Finds Gallery - ceramics

Roman tiles

Roman tiles

Site: Handford Road, Ipswich, Suffolk
Period: Roman
Excavator: Stuart Boulter, Suffolk C.C. Archaeological Service
Published: Forthcoming in East Anglian Archaeology

Catalogue entry: These are two fragments of Roman flanged tegulae, large rectangular tiles with an L-shaped flange on each long side. They were used to roof important buildings, often constructed using mortared stone or flint with tile courses. The gaps between the tegulae were covered with curved tiles, semi-circular in section, called imbrices. There is no evidence for such a high status building on this site however, and the tiles were probably brought here as hardcore. Many fragments were found in a disused well and were probably deliberately used to stabilise the feature when it was no longer required.

Handford Road was later the site of an Early Saxon settlement. Roman tiles were often scavenged from decaying buildings by the Saxons, who used them to line hearths and ovens. Over a quarter of the tile assemblage from Handford Road showed signs of burning.

Medieval tile

Medieval floor tile

Site: St Margaret's Church, Ipswich, Suffolk
Period: Medieval
Excavator: Linzi Everett, Suffolk C.C. Archaeological Service
Published: In-house report.

Catalogue entry: Thirty fragments of floor tile were identified in the St Margaret's Church CBM assemblage, including medieval relief-decorated, late medieval Flemish types, and a post-medieval quarry tile. Most fragments were heavily worn and difficult to identify to type as the fabrics were quite variable. At least one Flemish green-glazed and one yellow-glazed with white slip were present. Only two relief tiles were unworn, and both showed a shield containing three lions passant guardant, one yellow-glazed (left) and one brown-glazed. This type is fairly common in Suffolk and is likely to be of 13th/14th century date. These finds may indicate that part of the original church floor contained relief tiles, replaced in the 14th/15th centuries by a chequerboard Flemish tile floor.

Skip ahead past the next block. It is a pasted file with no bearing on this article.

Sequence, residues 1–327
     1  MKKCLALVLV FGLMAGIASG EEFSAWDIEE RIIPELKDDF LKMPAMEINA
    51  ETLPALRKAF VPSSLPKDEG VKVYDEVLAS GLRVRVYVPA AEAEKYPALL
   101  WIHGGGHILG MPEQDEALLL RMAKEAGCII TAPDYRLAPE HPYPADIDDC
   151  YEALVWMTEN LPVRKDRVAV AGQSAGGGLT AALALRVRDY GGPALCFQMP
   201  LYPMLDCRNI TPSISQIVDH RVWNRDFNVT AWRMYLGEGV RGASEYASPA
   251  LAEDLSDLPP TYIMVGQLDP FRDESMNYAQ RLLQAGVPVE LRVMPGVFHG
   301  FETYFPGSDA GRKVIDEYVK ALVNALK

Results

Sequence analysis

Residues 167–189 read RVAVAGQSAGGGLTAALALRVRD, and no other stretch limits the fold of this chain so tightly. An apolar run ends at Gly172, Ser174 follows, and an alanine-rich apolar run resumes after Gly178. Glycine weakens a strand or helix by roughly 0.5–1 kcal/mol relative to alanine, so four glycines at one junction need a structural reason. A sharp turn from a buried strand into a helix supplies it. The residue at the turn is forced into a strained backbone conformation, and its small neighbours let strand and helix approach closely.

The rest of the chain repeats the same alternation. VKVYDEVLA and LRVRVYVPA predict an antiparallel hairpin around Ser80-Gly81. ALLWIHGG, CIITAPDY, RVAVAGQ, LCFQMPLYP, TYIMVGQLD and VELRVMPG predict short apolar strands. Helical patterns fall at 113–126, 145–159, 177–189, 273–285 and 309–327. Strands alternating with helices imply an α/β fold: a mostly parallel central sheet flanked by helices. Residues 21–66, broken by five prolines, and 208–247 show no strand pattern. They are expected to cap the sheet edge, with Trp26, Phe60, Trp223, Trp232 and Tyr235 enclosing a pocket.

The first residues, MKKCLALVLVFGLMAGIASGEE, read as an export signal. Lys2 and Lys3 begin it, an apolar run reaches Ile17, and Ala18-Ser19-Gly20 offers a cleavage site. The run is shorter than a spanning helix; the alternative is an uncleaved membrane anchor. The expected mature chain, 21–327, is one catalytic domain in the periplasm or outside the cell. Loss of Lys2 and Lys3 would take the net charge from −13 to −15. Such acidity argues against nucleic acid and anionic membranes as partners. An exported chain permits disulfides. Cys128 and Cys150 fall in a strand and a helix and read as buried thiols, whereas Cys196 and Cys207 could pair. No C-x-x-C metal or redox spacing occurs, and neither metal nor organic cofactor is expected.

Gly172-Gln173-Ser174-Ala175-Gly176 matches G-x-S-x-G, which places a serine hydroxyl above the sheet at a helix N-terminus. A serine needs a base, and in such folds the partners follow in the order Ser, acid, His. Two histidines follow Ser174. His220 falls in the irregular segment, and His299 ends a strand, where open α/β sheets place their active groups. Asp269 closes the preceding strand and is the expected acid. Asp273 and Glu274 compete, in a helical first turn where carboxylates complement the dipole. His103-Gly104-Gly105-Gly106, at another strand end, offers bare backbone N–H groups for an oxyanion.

Fired clay fragments

Fired clay

Site: Weybread, Suffolk
Period: Late medieval
Excavator: Suffolk C.C. Archaeological Service

Published: In-house report.
Catalogue entry: This site consisted of a pit which contained a large group of pottery wasters. The village is a known production centre of late medieval and transitional wares. Twenty-eight fragments of buff/pink fired clay with abundant straw impressions and chalk tempering, which may have been part of a kiln or oven dome.

Clay pipes and waste

Clay pipes

Site: Friars Street, Sudbury, Suffolk
Period: Post-medieval
Excavator: Suffolk C.C. Archaeological Service
Published: In-house report.

Catalogue entry: Fragments of clay pipes and slag from a clay pipe kiln were found during fieldwork at Friars Street, Sudbury. They show that clay pipes were being manufactured in the town in the late 18th/early 19th centuries.

Clay pipes